Cabernet Franc is a fascinating grape; it can be in the “fresh, red fruit” category and it can also be in the “deep dark tannic monster” category. This one leaned towards the former; it had some nice dark fruit coursing through its veins, but the warm raspberry definitely showed through. A hint of blackberry preserves and coffee bean, and some young, green leafy business going on, along with peppercorn and bay leaves. Really a cool wine that has a lot of different elements at work, without seeming disjointed. Fun to drink. According to the website, less than 70 cases made.

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Next in Cab Franc world was actually a bottle I have seen in a few stores and really wanted to buy. I am loving the packaging on the Willful Cabernet Franc, 2012 Applegate Valley:

A touch of whimsy on the label art tickles my fancy.

A touch of whimsy on the label art tickles my fancy.

There’s a cool story here. I’ll paraphrase, as you can surely Google if you’re so inclined. Willful Wine Company was born in 2012, and produces Pinot Noir from their estate in Dundee (I also tried this- great), and small quantities of other Northwest varietals. The owner and winemaker’s name is Pam Walden, and there’s some background here involving Daedalus Cellars/Jezebel wines. I don’t feel like I can do the full story justice without sounding like an idiot, but in any case- if this is only the second year that Pam has released wine under the Willful label- the woman can make some damn wine. I’m sold. This juice is fantastic. Actually, I’ll go out on a limb and say this might be my favorite new discovery of this 30 days.

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This is a big ol’ wine, with full flavors of black cherry and raspberry jam, followed by a high “ding” of sour cherry. Its oak profile is round and integrated; its a curvy wine but incredibly balanced. The finish is long and creamy with baking spices, pepper and subtle vanilla. Theres a nice play of savory/gamey/wildness (all technical terms) but not so much as to drown out the fruit. Its fleshed out nicely, yet not in my opinion overworked. Is that enough praise? I like the wine. Go get it.

I also tried the SE Wine Collective Red Blend- a blend of Syrah, Pinot Noir, Gamay & Cab Franc- it was in keg form, so no photo- but it was a super fun wine! Buoyant, fresh, tart, pomegranate-y and a really great keg wine for all those reasons.

I did a sort of “create your own flight” deal with these wines, and just put together the three tastes individually; they were $4, $5 and $3 each, respectively. Bottles are available for purchase too, for dine-in and take home. The SE Collective also has some pre-determined flights on the menu- the couple who were seated near me were sipping on the Chenin Blanc flight- three from around the world. The place is a fun concept and reminds me a lot of Cellar on Greene, except wine is being made there, which makes it that much cooler.

Also, I ate these dates, which were ridic:

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Ridic is a good thing, by the way. These dates were stuffed with gorgonzola & hazelnuts and wrapped in prosciutto, seared, and drizzled with honey. Freakin’ delicious. You’d think I was being paid to say these things, but really I’m not. I just like the place. You should check it out.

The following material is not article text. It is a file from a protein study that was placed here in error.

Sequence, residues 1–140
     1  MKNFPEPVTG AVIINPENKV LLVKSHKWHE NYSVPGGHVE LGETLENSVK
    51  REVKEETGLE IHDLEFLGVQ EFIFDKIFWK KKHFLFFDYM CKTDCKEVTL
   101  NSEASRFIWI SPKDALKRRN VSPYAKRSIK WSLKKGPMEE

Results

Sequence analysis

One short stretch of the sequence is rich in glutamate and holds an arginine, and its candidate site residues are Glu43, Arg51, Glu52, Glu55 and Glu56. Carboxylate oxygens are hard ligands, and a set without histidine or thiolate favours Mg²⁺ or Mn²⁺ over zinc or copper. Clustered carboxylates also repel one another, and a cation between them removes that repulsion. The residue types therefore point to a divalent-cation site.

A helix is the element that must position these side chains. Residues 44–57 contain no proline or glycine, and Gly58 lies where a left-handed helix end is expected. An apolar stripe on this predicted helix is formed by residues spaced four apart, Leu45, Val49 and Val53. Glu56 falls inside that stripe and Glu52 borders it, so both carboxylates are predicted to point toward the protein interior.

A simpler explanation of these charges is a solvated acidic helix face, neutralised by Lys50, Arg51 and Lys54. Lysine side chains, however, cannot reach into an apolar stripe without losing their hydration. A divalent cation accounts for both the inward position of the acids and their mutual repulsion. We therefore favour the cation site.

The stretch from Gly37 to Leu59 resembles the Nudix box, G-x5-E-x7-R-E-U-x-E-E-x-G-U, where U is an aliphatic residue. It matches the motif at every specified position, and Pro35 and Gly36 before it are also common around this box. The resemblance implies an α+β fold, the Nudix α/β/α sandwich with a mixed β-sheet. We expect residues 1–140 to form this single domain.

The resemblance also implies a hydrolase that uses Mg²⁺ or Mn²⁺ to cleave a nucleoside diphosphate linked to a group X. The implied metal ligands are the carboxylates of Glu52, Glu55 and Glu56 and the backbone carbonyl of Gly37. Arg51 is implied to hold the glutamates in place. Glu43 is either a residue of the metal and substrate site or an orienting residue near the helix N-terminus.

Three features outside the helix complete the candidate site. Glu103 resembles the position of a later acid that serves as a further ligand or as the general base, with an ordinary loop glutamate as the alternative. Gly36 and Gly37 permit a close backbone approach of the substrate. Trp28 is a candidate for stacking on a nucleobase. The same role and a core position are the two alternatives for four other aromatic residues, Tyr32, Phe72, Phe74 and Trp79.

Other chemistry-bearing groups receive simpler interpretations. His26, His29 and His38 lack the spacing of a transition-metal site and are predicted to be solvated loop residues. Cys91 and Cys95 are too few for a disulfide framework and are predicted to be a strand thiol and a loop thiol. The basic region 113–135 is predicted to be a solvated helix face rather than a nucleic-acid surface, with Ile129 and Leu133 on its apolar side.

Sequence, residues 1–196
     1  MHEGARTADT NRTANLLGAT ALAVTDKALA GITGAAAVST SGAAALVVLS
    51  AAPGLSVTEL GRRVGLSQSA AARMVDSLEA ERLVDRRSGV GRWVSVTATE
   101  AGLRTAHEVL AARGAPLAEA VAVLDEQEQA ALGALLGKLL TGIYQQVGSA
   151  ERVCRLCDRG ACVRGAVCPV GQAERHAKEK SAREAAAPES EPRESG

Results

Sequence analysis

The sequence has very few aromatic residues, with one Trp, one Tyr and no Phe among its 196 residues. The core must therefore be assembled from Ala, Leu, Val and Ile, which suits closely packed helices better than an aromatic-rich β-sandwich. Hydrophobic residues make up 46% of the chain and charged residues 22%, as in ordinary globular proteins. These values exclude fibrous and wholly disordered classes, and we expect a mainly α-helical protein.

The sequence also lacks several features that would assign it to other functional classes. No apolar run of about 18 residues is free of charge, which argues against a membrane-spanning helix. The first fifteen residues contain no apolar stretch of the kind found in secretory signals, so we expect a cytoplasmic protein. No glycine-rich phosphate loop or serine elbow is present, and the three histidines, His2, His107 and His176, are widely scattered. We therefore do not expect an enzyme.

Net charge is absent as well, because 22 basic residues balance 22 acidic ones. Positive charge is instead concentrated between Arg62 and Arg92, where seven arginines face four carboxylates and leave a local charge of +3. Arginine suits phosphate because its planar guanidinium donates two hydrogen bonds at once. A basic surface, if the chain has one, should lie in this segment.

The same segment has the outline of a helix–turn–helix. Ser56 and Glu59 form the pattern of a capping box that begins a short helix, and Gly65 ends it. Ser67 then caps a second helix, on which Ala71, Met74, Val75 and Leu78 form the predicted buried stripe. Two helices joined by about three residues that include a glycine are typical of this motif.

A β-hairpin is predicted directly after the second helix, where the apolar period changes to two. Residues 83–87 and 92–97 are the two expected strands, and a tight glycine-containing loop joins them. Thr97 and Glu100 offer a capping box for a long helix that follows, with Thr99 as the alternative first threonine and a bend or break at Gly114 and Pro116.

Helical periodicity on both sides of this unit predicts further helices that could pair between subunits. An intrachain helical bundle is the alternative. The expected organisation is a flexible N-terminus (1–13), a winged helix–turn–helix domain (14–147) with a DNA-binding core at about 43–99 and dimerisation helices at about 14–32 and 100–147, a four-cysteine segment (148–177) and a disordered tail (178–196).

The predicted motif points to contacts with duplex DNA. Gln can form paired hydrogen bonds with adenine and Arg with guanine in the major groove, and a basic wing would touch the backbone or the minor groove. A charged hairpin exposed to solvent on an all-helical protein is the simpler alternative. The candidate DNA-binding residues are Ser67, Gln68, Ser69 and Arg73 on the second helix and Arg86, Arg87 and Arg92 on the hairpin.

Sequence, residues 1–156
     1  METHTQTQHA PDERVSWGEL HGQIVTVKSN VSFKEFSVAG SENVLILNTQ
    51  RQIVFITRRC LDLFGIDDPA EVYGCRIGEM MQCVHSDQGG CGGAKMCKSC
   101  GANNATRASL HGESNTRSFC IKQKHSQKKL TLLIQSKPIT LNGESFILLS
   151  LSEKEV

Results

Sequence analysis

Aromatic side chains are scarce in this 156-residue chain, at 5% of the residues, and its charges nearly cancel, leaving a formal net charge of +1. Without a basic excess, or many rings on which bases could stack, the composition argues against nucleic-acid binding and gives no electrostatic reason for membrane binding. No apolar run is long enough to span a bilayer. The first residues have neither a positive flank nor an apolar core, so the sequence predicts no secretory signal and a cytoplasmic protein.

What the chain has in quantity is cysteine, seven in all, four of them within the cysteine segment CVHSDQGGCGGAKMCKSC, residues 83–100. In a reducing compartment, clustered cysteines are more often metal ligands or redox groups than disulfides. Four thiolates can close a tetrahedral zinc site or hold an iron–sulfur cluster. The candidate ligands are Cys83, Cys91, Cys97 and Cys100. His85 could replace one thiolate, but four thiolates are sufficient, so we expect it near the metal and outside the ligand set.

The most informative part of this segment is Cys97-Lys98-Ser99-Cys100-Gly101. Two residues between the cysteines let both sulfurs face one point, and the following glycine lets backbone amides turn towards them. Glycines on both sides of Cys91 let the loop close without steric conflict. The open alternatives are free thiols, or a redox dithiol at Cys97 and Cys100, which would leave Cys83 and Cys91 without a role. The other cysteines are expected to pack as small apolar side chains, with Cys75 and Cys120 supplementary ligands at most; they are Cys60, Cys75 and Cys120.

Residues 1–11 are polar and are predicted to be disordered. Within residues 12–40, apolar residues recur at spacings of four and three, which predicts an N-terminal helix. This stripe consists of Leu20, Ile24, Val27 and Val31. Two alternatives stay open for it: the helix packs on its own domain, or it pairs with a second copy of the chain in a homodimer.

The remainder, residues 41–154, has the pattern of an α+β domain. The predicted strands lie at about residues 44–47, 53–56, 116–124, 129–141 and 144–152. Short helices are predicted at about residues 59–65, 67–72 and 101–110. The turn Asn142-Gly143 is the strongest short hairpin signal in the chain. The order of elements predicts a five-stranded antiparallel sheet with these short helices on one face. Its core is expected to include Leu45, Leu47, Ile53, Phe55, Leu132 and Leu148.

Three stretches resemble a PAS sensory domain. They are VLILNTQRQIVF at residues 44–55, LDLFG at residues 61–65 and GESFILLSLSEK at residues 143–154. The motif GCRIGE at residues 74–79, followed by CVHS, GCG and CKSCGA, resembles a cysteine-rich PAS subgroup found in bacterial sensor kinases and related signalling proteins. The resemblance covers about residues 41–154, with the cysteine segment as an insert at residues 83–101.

Cheers, and thanks to the Collective for making it so easy to try two Oregon Cab Francs in one place! Score.

 

Thirty Oregon Wines in Thirty Days, day 26: Belle Oiseau! Belle Waz-what?

Behold, one of my favorite Oregon whites, the Belle Pente Belle Oiseau, 2011! 

Belle Oiseau means "Pretty Bird".

Belle Oiseau means “Pretty Bird.” Also, Belle Waz-Oh. 

As it turns out, this wine is beloved by many Oregonians. And with due reason. Winemaker Brian O’Donnell developed this wine for Portland’s Le Pigeon and its little sister restaurant, Little Bird, with the help of General Manager/Partner Andy Fortgang. Le Pigeon and Little Bird Bistro are currently taking two out of my top five spots for drool-worthy Instagram feeds here in Portland, by the way. I seriously can’t wait to go to either one. Sometimes they Instagram their staff meals, too. I might just show up sometime roughly when I suppose a staff meal would take place.

I’m sure they’d love that.

I mean, seriously. I can't even. How good would this wine be with this?!

I mean, seriously. I can’t even. How good would this wine be with this?!

In any case, this wine was developed as an ode to an Alsatian “Edelzwicker”, a blend of “Noble” varietals. Historically, the grapes would all come from the same parcel, and could even be co-fermented. The 2011 vintage is a blend of mostly Pinot Gris and Riesling, with a bit of Muscat. I’ve had it on a few occasions, but this is the first bottle I’ve purchased for just me. And let me tell you. The more time I spend with this bottle, the more enamored I am with it. On a given Tuesday, I could open a bottle, drink a glass, then say to myself- ok, later for that. But this is the kind of wine where I find myself sneaking another half a glass… then another. Its like an old friend. You can keep coming back to it, and every time you do you’re reminded how much you like it.

A very dry wine with just a touch of RS, it drinks like a lean, clean little machine. Delicate and precise, is has defined stone fruit and white floral characteristics, with soft lemon and golden apple in the background. Sharp enough to cut through something fatty (this wine was developed specifically with charcuterie in mind), yet would be great with light, fresh fare (oysters, anyone?) as well. The finish is lifted with some higher aromatics of jasmine and fresh laundry.